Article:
On Board PM's Special Aircraft: Prime Minister Manmohan Singh on Friday said he was keen to visit Pakistan but for this a "proper atmosphere" has to be created and a "crucial test" for Islamabad is to bring to book the perpetrators of the heinous Mumbai attack.

"I am very keen to visit Pakistan and I am grateful for the invitation. But I also mentioned to Pakistan President Asif Ali Zardari that we have to create a proper atmosphere," he told reporters accompanying him on his way back home from Tehran.

His remarks came a day after he met President Zardari on the sidelines of the NAM Summit in the Iranian capital during which he pushed Pakistan to act against India-directed terrorism and said that expeditious conclusion of the Mumbai terror attack trial in that country will be a "major" Confidence Building Measure in bilateral relations.

Zardari also renewed his invitation to Singh to visit Pakistan.

During his on board interaction, the Prime Minister, who responded to a range of questions, said there has to be a "genuine feeling" that Pakistan was doing its best to stop terror acts against India from its soil.

"There must be a genuine feeling that Pakistan is doing all that it could do to deal with terrorism directed against India from Pakistani soil. And in this context the trial of those charged with the heinous crime of Mumbai massacre was a crucial test for the Pakistani society to bring to book the perpetrators."

Singh noted that Pakistan Interior Minister Rehman Malik said his country was doing all it could in the realm of the court process.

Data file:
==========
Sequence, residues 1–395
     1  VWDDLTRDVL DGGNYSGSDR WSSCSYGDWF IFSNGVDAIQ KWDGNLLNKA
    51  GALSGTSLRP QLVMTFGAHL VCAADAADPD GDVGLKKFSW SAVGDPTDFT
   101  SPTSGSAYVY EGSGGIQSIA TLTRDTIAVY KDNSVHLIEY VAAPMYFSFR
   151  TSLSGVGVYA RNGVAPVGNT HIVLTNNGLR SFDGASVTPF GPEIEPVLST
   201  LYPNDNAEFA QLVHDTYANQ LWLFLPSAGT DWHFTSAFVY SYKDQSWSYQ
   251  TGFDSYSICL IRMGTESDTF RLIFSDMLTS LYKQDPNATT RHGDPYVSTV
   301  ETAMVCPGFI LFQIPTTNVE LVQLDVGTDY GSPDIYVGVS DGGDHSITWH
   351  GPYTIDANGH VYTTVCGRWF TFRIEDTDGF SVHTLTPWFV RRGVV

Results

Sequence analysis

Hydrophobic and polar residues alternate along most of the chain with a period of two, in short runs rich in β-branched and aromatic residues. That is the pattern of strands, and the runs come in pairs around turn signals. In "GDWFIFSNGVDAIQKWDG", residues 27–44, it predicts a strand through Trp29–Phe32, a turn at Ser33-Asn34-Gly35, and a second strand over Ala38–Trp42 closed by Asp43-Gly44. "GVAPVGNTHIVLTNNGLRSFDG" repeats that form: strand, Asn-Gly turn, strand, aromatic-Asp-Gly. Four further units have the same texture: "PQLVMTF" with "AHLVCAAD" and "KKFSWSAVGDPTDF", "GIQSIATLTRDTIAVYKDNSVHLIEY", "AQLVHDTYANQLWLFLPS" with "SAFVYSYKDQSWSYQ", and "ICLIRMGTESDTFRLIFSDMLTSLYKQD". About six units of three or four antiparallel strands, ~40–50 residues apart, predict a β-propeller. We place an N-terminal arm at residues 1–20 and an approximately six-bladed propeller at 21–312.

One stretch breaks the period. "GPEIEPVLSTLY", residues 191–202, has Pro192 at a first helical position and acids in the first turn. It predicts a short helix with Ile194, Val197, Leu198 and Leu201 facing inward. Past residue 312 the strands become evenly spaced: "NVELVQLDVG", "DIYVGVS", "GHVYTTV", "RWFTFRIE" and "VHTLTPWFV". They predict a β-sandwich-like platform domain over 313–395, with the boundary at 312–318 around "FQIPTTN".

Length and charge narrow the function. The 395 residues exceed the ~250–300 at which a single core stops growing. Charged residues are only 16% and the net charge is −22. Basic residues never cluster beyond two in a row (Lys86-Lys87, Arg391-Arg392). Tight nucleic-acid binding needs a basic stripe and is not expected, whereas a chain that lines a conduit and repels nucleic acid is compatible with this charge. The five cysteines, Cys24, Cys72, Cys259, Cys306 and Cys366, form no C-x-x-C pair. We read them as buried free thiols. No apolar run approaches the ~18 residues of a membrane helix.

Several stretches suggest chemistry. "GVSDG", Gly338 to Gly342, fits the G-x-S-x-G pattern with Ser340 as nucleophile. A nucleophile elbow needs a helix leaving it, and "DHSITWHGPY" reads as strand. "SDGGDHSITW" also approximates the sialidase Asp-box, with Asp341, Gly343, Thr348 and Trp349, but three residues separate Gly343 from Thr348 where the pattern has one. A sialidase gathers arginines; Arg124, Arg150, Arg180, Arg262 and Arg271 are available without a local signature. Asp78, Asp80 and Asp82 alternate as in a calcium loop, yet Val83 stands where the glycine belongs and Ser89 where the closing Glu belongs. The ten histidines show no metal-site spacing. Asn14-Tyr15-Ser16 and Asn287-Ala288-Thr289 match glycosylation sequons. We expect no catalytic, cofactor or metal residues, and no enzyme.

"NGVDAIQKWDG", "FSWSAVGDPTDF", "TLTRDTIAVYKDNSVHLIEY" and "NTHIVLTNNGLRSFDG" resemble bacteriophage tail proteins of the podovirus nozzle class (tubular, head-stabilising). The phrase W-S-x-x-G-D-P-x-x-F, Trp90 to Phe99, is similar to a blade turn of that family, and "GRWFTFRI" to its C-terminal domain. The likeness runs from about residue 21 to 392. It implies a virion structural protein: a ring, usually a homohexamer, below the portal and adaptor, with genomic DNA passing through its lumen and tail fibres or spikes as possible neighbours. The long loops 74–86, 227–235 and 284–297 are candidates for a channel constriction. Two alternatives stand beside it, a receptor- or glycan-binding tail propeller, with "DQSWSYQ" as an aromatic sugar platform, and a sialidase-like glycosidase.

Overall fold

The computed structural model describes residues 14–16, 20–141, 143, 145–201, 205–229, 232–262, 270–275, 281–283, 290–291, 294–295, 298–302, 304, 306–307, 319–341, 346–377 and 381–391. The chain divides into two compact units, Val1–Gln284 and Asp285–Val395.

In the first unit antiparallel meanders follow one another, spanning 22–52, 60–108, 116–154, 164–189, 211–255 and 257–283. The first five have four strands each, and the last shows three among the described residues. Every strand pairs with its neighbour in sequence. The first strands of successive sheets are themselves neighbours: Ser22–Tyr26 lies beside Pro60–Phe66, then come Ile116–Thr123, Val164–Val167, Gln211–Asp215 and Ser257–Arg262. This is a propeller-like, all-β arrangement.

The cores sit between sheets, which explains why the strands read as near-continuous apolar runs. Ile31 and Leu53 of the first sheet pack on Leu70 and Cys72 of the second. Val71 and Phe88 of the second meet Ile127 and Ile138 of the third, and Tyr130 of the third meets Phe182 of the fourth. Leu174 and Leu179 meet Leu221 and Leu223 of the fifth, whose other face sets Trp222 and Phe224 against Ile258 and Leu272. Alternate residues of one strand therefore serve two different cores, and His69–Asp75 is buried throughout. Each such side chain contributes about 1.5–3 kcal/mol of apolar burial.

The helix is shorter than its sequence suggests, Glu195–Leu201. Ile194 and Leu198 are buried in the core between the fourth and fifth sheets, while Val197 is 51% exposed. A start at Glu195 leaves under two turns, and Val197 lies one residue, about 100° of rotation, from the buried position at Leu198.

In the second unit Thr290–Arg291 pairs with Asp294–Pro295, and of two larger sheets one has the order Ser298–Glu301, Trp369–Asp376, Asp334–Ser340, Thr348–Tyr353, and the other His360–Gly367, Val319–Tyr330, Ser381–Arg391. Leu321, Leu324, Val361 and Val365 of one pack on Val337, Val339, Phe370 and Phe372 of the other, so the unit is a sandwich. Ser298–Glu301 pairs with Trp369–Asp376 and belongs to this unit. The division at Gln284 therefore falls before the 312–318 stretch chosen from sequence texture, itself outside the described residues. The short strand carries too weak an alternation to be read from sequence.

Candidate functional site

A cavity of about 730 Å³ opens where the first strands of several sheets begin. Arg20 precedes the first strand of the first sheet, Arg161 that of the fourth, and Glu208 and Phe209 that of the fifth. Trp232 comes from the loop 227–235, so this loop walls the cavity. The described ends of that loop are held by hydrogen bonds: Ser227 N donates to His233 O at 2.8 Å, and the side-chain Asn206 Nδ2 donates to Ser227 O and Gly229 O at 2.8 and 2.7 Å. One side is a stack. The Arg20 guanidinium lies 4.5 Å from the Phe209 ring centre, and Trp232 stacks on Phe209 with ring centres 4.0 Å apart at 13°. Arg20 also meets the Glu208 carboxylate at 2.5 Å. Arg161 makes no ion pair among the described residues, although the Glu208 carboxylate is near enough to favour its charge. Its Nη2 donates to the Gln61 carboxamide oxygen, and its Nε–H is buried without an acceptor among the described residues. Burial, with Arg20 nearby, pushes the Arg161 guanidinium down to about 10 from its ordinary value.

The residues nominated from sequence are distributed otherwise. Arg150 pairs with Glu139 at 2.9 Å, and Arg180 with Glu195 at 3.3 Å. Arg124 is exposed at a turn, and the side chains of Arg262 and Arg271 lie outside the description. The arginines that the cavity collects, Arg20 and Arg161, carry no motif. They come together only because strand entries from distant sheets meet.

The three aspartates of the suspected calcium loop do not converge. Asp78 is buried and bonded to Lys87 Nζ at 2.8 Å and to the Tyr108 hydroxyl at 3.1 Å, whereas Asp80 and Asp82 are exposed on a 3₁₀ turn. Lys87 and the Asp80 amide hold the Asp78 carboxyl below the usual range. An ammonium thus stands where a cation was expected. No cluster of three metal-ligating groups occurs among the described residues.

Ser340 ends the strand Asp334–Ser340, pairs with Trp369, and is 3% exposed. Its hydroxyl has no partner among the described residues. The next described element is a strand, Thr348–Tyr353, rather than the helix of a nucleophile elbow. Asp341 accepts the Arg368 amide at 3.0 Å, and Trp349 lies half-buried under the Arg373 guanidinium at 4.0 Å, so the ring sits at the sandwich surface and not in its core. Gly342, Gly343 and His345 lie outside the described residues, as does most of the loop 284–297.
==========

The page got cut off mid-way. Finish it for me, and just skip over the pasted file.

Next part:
"There are issues like Sir Creek which are doable as was said by him (Zardari) when he came last (to Delhi in April). I said let's push this process.

"Meanwhile, Foreign Ministers will be meeting and they will explore the possibility of what can be achieved to facilitate a purposeful visit of mine to Pakistan," the Prime Minister said.

The Singh-Zardari meeting on Thursday night came a day after the Indian Supreme Court upheld LeT terrorist Ajmal Kasab's death sentence in the Mumbai terror attack case, strengthening India's case for action against others involved in the 26/11 strike in which 166 people were killed.

This was the second meeting between the two leaders this year.

Singh had earlier met Zardari in New Delhi in April when the Pakistani President made a private visit to India to pray at the Sufi shrine in Ajmer.

The Prime Minister had hosted a lunch for Zardari and conveyed to him that people of India would judge Pakistan by the actions taken to curb terrorism and against those responsible for Mumbai terror attack.


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